We can help guide you through your mis-sold pension claim (or indeed other financial mis-selling for instance with loans, bank cards etc). We can offer a ‘no win, no fee’ basis for these types of claims so if you think you have an issue it is best to enquire with us today.
Ways you could have been mis-sold a pension
There are many different ways you could have been mis-sold a pension, including:
Your financial adviser unduly pressurised you into taking a certain pension plan out
This may occur where the financial adviser makes you feel as though you must accept the advised plan, which could be proven true if they have failed to make any other options known to you.
You were not offered all the available options
This is where the adviser fails to inform you about every option you have. If your adviser did not tell you about each appropriate pension plan, you may have a claim against them.
Your pension plan was misleading
This does not necessarily mean that the information in the pack was false, but more that it led you to believe that the pension package does one thing, when in actual fact the pension scheme does another. An example would be if the pension plan information detailed benefits that other clients have received from their pensions, without a disclaimer stating the level of benefits will be reflective of individual pay and circumstances, leading you to think you will receive the same as aforementioned clients.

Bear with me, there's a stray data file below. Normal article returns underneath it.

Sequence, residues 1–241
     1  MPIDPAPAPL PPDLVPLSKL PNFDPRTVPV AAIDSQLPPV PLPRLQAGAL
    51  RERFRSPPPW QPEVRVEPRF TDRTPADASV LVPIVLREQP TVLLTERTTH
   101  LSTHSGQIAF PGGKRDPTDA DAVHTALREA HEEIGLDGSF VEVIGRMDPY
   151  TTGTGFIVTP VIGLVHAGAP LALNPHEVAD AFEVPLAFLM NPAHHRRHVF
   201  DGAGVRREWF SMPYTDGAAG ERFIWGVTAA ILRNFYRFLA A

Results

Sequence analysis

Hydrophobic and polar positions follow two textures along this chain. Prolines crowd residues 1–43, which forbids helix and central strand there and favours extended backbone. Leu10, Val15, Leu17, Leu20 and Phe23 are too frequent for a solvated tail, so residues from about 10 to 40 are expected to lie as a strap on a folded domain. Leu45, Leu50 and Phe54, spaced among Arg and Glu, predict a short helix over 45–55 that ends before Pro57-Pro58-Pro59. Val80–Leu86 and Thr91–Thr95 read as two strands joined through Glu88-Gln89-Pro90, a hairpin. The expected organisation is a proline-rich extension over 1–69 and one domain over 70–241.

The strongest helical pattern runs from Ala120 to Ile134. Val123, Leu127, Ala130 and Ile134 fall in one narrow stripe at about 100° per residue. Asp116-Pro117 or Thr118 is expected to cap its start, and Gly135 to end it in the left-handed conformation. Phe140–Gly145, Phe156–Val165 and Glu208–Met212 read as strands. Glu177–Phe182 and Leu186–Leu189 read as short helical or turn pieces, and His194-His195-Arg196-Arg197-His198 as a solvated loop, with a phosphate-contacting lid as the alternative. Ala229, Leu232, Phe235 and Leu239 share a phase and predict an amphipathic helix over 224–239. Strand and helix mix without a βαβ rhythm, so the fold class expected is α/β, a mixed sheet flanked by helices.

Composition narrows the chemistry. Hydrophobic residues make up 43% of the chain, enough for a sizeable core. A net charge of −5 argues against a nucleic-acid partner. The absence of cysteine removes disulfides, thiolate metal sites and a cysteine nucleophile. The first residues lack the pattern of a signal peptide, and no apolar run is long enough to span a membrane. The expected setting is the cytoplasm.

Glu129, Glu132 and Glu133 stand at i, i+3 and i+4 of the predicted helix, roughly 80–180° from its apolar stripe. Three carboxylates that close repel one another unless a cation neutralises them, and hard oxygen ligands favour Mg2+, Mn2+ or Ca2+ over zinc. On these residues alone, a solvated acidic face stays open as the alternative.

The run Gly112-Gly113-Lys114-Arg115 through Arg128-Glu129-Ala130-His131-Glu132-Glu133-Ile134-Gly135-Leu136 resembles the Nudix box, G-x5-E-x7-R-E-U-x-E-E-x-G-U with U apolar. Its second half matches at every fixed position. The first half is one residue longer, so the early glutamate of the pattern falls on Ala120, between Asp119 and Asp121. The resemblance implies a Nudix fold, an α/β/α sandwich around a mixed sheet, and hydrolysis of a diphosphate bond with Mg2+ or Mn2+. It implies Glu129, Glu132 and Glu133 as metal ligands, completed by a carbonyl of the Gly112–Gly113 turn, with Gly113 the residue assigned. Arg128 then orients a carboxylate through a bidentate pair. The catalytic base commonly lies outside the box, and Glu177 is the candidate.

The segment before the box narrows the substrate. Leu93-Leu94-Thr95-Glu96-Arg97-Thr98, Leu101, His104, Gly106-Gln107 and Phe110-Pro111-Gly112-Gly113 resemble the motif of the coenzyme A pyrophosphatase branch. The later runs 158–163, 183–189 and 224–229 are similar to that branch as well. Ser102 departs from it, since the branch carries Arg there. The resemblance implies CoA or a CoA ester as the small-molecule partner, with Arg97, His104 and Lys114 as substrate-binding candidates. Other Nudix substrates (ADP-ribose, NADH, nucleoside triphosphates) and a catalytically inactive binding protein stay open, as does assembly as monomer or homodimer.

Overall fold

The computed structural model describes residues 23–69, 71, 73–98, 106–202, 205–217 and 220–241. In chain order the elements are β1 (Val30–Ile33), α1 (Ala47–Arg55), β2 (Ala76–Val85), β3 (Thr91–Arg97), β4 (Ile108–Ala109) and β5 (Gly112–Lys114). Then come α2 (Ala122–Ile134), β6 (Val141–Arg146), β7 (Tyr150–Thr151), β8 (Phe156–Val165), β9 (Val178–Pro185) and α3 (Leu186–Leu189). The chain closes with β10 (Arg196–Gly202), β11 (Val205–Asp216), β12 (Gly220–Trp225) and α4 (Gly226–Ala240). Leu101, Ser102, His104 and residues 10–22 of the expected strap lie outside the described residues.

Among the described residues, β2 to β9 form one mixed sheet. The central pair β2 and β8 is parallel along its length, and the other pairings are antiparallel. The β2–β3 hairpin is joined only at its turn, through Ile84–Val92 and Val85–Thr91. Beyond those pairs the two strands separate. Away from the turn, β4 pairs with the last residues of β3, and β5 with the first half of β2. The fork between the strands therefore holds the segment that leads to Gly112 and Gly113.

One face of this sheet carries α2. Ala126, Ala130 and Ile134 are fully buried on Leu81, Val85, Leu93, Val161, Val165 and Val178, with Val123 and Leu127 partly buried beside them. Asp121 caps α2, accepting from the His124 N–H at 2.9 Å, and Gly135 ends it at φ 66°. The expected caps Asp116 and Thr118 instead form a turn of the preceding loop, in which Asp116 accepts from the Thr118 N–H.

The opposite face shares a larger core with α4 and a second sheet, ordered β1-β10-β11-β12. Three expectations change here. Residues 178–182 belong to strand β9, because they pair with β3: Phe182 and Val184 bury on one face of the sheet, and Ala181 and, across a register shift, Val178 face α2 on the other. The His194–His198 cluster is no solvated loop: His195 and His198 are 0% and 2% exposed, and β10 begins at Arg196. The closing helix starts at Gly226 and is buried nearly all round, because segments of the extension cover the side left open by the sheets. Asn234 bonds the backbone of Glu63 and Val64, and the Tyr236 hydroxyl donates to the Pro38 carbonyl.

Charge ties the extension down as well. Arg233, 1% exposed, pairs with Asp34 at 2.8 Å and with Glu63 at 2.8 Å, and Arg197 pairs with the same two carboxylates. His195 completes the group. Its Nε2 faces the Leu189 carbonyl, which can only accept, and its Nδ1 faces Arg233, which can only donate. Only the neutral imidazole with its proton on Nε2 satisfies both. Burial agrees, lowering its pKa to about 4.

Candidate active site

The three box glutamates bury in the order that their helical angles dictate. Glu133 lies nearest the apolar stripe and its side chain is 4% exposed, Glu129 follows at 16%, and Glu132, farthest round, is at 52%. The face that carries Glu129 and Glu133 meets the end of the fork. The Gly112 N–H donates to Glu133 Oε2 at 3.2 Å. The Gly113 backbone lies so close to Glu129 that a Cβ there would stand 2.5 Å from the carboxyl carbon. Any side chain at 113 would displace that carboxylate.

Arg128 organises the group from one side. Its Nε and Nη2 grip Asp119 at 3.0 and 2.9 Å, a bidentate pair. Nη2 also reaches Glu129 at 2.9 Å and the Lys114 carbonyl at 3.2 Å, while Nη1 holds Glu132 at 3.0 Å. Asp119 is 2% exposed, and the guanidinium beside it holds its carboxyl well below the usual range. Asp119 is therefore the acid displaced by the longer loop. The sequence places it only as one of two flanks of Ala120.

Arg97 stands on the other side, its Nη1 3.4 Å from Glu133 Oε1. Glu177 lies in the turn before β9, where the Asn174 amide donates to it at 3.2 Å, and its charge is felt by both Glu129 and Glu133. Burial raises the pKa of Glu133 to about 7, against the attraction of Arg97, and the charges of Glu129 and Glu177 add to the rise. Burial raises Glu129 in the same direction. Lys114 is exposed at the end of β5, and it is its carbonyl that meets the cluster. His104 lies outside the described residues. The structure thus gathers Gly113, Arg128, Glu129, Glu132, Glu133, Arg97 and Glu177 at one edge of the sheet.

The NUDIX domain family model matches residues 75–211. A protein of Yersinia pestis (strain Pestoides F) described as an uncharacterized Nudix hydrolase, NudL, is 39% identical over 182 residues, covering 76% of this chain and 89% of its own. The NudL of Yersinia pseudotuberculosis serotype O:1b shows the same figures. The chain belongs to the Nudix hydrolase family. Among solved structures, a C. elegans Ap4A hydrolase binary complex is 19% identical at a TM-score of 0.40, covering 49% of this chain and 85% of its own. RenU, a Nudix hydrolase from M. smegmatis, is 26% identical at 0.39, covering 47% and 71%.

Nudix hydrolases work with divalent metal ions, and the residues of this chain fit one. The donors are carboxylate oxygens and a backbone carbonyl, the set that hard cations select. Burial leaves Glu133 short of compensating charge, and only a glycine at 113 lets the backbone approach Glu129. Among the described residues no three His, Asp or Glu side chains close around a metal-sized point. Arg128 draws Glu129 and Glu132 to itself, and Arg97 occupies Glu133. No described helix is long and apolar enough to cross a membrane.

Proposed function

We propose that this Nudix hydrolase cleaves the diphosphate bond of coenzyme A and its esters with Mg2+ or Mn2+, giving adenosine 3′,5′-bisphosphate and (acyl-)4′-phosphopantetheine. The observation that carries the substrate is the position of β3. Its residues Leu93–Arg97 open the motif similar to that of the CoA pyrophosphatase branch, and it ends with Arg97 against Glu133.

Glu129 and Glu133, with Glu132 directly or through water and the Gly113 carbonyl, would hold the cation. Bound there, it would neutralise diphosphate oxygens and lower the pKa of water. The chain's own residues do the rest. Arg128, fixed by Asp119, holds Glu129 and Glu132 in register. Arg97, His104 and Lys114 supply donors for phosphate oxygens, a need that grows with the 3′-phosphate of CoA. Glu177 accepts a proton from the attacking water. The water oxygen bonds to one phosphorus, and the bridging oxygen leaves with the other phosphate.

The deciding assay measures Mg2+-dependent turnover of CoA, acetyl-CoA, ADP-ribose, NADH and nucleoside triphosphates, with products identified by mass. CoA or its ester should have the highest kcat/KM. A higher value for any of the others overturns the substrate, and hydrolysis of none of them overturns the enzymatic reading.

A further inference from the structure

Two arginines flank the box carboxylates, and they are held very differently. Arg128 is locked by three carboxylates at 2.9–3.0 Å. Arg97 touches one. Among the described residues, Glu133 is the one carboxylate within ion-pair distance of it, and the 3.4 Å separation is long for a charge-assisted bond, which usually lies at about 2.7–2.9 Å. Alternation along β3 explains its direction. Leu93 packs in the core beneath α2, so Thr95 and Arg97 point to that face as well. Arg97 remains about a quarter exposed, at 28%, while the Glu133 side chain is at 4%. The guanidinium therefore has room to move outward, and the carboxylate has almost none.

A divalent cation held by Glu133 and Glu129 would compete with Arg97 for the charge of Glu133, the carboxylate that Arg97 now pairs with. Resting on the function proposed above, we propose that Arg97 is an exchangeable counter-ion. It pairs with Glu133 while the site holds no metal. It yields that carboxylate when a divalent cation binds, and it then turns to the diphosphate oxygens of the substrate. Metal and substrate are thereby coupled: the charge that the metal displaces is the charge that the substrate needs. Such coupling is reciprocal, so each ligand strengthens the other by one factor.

Your adviser didn’t ask you about, or take into consideration, your personal circumstances
If your financial adviser failed to make a profile of your specific circumstances which shape the way your pension plan should look, they may be liable for a mis-sold pension plan. A financial adviser must establish your personal circumstances and wishes for the future before crafting your pension advice.
The risks were not properly explained to you
Every pension plan comes with risks, but some are much higher risk than others, such as SIPPs. With this type of pension, there is a transfer of your pension fund to investments in other funds, so it is essential you are made aware of the fluctuation in the market for that particular investment, so you can weigh up the pros and cons before making any decisions. A financial adviser must go through all the various risks with you and discuss the effect they may have on your pension.
There were unexplained fees
If your financial adviser did not detail all the fees you would be liable for, but instead these fees surfaced after the agreement was made, they may have broken their code of conduct. This may give rise to a negligence claim.
The financial adviser was working with an unregulated third party (for SIPPs)
A pension SIPP is a high risk pension scheme which invests personal pensions to hypothetically generate more money from them. When dealing with SIPPs, financial advisers should only engage with regulated and registered third parties to invest in. If a financial adviser instead invests in an unregulated third party, this leaves the client with heightened risks, as unregulated bodies are not protected by the Financial Conduct Authority. This may leave the client extremely vulnerable and at a monetary loss, which we may be able to help regain.